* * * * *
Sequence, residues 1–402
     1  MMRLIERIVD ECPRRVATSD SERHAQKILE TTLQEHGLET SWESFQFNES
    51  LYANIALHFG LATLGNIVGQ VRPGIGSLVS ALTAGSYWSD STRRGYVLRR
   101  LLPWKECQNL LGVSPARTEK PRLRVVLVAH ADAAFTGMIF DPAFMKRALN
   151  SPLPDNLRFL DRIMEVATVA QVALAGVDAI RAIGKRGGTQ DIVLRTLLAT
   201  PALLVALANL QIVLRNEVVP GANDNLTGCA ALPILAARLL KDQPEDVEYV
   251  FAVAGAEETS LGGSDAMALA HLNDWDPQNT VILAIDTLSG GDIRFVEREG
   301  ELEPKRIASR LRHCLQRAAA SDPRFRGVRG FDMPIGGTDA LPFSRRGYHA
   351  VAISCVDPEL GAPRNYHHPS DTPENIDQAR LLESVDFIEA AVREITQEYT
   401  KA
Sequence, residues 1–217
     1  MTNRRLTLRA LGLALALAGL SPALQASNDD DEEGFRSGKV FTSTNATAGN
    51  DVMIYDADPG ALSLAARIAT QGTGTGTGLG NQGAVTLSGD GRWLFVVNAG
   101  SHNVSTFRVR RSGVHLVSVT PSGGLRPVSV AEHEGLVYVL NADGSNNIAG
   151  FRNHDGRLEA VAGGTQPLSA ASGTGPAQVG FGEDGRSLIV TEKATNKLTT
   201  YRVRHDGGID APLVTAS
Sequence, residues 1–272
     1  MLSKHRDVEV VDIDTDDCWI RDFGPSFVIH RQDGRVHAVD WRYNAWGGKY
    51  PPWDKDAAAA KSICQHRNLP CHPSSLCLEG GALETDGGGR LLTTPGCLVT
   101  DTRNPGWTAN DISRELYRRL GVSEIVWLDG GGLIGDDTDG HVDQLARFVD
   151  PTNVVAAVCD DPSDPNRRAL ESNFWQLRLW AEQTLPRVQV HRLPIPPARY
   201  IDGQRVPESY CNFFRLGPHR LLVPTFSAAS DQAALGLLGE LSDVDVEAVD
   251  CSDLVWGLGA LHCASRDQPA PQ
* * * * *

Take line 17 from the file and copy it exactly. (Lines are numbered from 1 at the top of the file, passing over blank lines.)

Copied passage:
Sequence, residues 1–272